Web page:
When the compile has finished (it will take about an hour), run either

sudo make install or sudo checkinstall

Now, you should have a mysql installation. Any further information should be available in the very detailed official guide.

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Mik, I really appreciate your answer, but I'm looking for how to do it using the standard Debian method. But thanks! – Ross Smith II Oct 23 '12 at 21:27
@RossSmithII see my edit re how doing it the 'Debian way' won't get you the latest version of mysql-5.6. – user76204 Oct 23 '12 at 22:45
Your answer, while very helpful, and informative, does not truly answer the question, as installing from source, the "Debian Way", uses apt-get source -b or dpkg-buildpackage. – Ross Smith II Oct 24 '12 at 16:12
Thanks.. Your solution works... – Shashi Feb 22 '13 at 8:22

My SQL 5.6 is available for download here : My SQL 5.6 Download

I think you will have to go with the non - rpm package at the very bottom of the list.

And here you may find details on how to install this version : How to install using binary package

Hope this helps :)

To install and use a MySQL binary distribution, the basic command sequence looks like this:

shell> groupadd mysql
shell> useradd -r -g mysql mysql
shell> cd /usr/local
shell> tar zxvf /path/to/mysql-VERSION-OS.tar.gz
shell> ln -s full-path-to-mysql-VERSION-OS mysql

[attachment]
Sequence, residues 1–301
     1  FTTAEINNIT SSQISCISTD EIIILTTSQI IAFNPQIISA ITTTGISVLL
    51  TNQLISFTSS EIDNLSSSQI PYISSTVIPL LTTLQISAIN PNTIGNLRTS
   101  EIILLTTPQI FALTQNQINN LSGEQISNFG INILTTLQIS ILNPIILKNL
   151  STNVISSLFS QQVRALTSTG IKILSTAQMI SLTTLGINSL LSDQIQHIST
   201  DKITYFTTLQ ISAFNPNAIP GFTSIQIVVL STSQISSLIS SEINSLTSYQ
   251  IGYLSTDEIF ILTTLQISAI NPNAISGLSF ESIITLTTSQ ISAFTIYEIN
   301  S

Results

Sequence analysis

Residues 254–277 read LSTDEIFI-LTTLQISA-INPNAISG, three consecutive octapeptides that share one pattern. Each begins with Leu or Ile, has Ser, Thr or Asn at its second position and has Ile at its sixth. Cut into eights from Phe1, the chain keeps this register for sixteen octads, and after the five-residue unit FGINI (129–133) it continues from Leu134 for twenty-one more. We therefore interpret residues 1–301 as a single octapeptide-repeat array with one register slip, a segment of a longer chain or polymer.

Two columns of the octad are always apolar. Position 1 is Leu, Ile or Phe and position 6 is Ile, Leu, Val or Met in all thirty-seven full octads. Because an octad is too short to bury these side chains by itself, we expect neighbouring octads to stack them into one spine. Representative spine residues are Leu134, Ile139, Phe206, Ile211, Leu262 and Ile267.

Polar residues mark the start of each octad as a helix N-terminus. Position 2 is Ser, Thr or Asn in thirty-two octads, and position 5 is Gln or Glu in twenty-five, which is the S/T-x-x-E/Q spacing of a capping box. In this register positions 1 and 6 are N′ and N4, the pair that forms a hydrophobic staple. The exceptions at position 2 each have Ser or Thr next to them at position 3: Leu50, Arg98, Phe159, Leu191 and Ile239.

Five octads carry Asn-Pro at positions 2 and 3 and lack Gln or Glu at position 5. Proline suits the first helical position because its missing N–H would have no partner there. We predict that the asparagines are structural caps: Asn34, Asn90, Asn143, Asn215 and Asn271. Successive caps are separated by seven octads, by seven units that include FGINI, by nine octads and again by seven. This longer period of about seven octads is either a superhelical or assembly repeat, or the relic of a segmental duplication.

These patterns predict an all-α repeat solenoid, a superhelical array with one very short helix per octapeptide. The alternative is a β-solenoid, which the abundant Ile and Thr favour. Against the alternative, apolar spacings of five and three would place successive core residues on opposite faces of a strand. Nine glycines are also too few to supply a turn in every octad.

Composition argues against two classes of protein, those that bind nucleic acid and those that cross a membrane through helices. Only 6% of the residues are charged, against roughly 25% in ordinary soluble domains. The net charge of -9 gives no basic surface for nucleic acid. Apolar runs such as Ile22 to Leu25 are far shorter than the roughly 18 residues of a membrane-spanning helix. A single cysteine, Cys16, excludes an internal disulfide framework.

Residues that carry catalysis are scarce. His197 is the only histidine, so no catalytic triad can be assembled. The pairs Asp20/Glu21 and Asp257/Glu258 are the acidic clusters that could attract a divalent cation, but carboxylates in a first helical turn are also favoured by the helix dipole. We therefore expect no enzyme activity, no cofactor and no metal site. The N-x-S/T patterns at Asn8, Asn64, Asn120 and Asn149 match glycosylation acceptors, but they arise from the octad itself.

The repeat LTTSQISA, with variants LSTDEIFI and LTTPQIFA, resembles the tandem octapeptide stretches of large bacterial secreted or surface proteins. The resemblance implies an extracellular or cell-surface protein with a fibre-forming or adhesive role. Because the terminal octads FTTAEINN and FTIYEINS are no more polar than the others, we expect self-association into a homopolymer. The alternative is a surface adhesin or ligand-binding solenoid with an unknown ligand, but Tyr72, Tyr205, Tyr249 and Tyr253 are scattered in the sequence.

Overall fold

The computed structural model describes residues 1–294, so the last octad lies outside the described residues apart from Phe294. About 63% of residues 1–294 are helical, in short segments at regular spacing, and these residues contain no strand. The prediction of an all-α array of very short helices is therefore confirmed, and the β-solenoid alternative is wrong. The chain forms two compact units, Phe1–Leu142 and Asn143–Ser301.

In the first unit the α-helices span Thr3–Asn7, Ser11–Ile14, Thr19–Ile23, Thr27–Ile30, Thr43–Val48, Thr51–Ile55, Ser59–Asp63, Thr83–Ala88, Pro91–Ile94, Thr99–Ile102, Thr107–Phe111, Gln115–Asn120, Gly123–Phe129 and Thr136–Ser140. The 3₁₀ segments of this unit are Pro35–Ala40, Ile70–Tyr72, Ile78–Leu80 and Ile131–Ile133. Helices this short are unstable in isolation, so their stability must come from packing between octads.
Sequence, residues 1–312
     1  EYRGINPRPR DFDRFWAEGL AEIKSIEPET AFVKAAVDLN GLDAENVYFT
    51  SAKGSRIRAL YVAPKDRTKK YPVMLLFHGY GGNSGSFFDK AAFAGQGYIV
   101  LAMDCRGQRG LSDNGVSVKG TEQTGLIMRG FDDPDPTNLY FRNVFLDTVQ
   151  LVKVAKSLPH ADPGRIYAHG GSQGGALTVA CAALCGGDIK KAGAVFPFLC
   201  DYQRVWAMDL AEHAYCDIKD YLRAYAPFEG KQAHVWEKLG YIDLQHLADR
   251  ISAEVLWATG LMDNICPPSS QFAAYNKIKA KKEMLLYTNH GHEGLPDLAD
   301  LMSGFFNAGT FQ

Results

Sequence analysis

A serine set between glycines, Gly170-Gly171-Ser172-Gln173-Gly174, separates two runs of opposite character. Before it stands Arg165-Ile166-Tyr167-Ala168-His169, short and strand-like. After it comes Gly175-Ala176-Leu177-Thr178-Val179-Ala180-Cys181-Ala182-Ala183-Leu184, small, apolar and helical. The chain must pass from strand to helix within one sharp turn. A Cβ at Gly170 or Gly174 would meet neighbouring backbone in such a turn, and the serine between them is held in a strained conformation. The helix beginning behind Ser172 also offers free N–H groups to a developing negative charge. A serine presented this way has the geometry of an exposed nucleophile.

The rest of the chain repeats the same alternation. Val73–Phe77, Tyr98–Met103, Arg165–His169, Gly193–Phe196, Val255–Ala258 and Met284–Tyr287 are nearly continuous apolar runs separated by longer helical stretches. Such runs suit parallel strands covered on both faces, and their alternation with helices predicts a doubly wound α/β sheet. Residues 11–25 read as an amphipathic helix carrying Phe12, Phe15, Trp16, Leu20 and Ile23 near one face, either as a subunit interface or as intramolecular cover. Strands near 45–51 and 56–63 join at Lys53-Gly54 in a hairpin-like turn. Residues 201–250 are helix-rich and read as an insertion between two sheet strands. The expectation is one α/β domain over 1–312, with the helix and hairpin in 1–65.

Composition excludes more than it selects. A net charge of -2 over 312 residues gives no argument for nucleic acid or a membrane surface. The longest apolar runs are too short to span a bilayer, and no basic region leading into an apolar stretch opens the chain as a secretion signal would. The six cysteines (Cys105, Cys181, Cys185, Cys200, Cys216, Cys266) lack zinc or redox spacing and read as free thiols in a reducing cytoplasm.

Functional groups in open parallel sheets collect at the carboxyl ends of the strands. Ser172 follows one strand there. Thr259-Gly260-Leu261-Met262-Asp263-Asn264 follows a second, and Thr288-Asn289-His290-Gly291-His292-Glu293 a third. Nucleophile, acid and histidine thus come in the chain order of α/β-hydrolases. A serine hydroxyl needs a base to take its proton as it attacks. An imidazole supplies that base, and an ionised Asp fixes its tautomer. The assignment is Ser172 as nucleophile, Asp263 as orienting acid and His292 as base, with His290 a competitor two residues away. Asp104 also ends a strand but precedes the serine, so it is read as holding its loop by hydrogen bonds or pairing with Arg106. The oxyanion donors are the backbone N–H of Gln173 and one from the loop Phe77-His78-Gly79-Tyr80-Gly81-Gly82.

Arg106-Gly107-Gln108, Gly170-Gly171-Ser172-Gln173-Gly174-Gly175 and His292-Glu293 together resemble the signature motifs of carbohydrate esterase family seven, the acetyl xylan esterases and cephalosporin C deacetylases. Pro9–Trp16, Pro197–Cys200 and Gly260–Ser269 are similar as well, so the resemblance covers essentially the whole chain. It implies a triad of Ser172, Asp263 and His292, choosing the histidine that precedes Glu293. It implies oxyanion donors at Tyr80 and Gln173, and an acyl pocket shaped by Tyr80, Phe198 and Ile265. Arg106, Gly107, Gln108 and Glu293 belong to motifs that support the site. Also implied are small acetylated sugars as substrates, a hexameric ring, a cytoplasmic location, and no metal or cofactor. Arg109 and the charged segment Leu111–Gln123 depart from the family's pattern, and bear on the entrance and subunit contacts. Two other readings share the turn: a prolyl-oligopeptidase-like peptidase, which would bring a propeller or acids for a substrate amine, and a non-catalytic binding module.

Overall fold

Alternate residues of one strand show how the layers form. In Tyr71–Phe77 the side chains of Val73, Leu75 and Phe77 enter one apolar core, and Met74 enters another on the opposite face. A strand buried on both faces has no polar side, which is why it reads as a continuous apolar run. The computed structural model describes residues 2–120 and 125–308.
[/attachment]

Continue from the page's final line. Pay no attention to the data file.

shell> cd mysql
shell> chown -R mysql .
shell> chgrp -R mysql .
shell> scripts/mysql_install_db --user=mysql
shell> chown -R root .
shell> chown -R mysql data

Next command is optional

shell> cp support-files/my-medium.cnf /etc/my.cnf
shell> bin/mysqld_safe --user=mysql &

Next command is optional

shell> cp support-files/mysql.server /etc/init.d/mysql.server
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This answer is a duplicate of, and my response was: ... I already tried that. It installed ok, but it installed in /opt, and didn't set up anything in /etc, or /etc/init.d, or let me start it with service, or add /opt/mysql/server-5.6/bin to the path, or anything else. – Ross Smith II Oct 31 '12 at 20:10
To install MySQL,the basic command sequence looks like this: shell> groupadd mysql shell> useradd -r -g mysql mysql shell> cd /usr/local shell> tar zxvf /path/to/mysql-VERSION-OS.tar.gz shell> ln -s full-path-to-mysql-VERSION-OS mysql shell> cd mysql shell> chown -R mysql shell> chgrp -R mysql shell> scripts/mysql_install_db --user=mysql shell> chown -R root shell> chown -R mysql data # Next cmd optional shell> cp support-files/my-medium.cnf /etc/my.cnf shell> bin/mysqld_safe --user=mysql & # Next cmd optional shell> cp support-files/mysql.server /etc/init.d/mysql.server – Vikash Singh Nov 1 '12 at 4:20
Detailed Description available in the Above mentioned Link :How to install using binary package – Vikash Singh Nov 1 '12 at 4:21
Thanks for your follow up. Unfortunately, I'm not asking how to install MySQL 5.6 by hand. This has been documented in numerous places. I'm asking how to install MySQL 5.6 using the standard Debian methods, either the binaries (preferred) or via source. – Ross Smith II Nov 2 '12 at 21:58